No witnesses -- no fingerprints -- no motive. Police in Charlotte, North Carolina need the public's help to solve a senseless murder.
On the night of Friday, October 14, 2016, Ketie Jones and her friends were hanging out at a bustling bar in the college town of Charlotte, North Carolina. After last call a couple of hours later, Jones, 26, and her friends leave the bar. When her friends offer the free spirit a ride home:
"She said 'No,' she's like 'Are you crazy? This is one of the last warm nights of the year, I'm not missing this.' She loved to walk," said Ketie's mother Jevona Livingston.
She walked home nearly every night, friends say. Ketie's mother says there was no reason for her daughter to feel worried about walking home. After all, it was a busy weekend night in this very safe college town.
"There were plenty of lights, plenty of people around. It wasn't something that she would have had any reason to fear. She'd been doing it for five years," said Livingston.
The walk home was about a mile long. During her walk home, Jones is posting non-stop photos to friends.
"She was communicating with her friends on her walk home, taking photos of landmarks along her walk on Central Avenue and sending them out on a Facebook chat that had a group of people from work in it. Her text messages seemed very normal. No concern or distress," said Charlotte-Mecklenburg Police Homicide Detective Shana Isenhour.
According to her friends on the chat, Jones appears to be dancing and singing.
As she turned a corner on the way:
"She was shot," said Jevona Livingston. "She was struck through the side. It actually punctured her heart and her lung through the side."
A resident walking his dog believed someone was setting off fireworks in the parking lot of a nearby business.
"So he walked down there to see what was going on and then he saw her laying there," said Livingston.
And even though the Good Samaritan neighbor found Ketie Jones within minutes of the shooting and called 911, it was still too late. Jones was already dead.
Ketie's mother had just spoken to her daughter three days before the fatal shooting. They had made plans to see each other in two weeks.
"It's just devastating when you can't keep them safe, there's nothing you can do, it's done, your chance to keep them protected and loved and safe is over. You failed," said Livingston.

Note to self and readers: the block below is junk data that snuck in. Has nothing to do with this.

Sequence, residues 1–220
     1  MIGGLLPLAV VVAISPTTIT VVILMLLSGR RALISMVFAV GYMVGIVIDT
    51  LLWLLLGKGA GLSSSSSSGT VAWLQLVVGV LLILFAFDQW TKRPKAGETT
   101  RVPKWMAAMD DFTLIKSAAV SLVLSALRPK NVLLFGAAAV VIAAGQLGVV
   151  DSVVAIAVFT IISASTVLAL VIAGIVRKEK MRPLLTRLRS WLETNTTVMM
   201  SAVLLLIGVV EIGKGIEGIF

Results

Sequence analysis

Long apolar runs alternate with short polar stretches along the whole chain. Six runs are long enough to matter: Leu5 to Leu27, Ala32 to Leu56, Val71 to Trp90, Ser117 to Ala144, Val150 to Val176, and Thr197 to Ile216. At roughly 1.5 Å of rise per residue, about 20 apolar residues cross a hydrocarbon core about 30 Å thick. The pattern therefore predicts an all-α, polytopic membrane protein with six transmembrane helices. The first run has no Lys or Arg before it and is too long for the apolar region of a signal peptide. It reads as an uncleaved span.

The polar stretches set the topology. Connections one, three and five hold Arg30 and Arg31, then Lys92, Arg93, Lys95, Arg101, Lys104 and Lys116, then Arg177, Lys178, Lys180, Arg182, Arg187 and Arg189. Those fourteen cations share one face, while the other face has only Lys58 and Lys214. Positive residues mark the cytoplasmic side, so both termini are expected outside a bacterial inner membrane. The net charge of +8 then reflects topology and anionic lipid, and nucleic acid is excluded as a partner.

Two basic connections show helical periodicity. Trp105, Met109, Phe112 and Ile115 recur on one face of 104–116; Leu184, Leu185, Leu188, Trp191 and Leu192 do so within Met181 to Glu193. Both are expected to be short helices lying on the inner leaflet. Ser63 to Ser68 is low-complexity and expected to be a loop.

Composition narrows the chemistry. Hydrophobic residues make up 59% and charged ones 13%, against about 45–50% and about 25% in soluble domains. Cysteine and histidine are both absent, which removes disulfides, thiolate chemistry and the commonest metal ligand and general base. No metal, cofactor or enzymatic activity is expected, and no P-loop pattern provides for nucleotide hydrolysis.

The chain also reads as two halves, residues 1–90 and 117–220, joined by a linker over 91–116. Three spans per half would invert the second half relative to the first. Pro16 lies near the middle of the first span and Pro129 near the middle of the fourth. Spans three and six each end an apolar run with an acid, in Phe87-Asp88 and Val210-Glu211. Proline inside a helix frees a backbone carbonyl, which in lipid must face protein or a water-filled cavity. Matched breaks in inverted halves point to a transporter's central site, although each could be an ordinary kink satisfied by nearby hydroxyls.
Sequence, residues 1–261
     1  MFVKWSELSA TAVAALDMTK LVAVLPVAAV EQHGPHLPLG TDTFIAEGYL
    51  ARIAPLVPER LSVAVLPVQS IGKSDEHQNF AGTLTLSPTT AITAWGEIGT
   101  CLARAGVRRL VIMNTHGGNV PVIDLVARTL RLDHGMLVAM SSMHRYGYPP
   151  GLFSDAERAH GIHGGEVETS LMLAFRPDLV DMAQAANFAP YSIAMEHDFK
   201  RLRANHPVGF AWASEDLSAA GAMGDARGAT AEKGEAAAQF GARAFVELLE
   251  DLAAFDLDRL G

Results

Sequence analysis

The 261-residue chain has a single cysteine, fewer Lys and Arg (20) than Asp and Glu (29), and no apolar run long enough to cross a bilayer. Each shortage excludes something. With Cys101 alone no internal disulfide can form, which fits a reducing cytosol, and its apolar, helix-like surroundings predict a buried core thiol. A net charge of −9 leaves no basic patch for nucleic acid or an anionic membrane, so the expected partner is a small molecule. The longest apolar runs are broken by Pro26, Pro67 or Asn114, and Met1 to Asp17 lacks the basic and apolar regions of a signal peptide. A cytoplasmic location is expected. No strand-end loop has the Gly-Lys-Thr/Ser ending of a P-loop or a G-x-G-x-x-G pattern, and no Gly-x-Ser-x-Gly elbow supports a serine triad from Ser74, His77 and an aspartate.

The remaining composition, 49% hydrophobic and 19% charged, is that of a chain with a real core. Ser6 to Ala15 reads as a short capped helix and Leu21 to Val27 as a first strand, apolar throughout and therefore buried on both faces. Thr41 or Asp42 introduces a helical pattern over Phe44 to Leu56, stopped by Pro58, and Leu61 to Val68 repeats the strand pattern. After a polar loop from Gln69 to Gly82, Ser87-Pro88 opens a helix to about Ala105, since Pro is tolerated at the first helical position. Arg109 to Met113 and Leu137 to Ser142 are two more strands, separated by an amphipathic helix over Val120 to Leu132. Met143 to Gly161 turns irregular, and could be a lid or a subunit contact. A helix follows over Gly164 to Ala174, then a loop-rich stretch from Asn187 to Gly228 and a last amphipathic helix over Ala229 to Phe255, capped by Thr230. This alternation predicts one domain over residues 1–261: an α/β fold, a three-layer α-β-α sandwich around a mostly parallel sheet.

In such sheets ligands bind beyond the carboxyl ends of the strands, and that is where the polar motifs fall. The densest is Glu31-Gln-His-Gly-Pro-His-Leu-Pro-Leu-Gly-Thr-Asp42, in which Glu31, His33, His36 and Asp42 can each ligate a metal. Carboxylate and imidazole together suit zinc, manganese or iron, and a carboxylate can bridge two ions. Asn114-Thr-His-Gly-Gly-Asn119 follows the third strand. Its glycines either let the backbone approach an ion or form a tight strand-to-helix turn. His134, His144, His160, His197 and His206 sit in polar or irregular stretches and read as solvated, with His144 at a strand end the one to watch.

Right away cops canvass the area and interview neighbors and friends of the beloved 26-year-old. Investigators appear to hit a dead end. Then they discover surveillance video from a building directly across from where the shooting occurred.
Following the fatal shooting, police conducted dozens of interviews.
"We have interviewed pretty much anybody who was close to Ketie, ether at that point in time or leading up to that point in time, but unfortunately it hasn't given us any actionable leads at this point," said Charlotte-Mecklenburg Police Homicide Detective Shana Isenhour.
The investigation appears to stall. Then cops catch a break, kicking the case back into high gear, with the discovery of surveillance video. The explosive video evidence shows Jones walking home following drinks with some restaurant coworkers on the night she was gunned down.
Charlotte-Mecklenburg Police are asking for the public's help in solving the murder by releasing the footage for the very first time, to Crime Watch Daily.
"There are cameras all around here, but the only one that caught anything relevant to this case is going to be the one across the street there," Isenhour said.
Frame by frame, the camera records Ketie's final moments on the early morning hours of October 15, 2016.
It was 2:40 a.m. when Jones first comes into view of the camera lens as she's walking down Central Avenue in an area in Charlotte known as Plaza-Midwood. She makes a left onto the plaza headed toward Hamorton Place. Less than a minute later, she's shot.
And that point on the video, Jones is out of sight, but at the same time, something else comes into focus.
"You can see headlights from a vehicle appear in the screen for a very, very brief moment," said Isenhour.
A mystery car pulls up next to the parking lot driveway where Ketie's body was later discovered. Police believe the shooter was in that vehicle. But Detective Isenhour doesn't believe it was a drive-by shooting.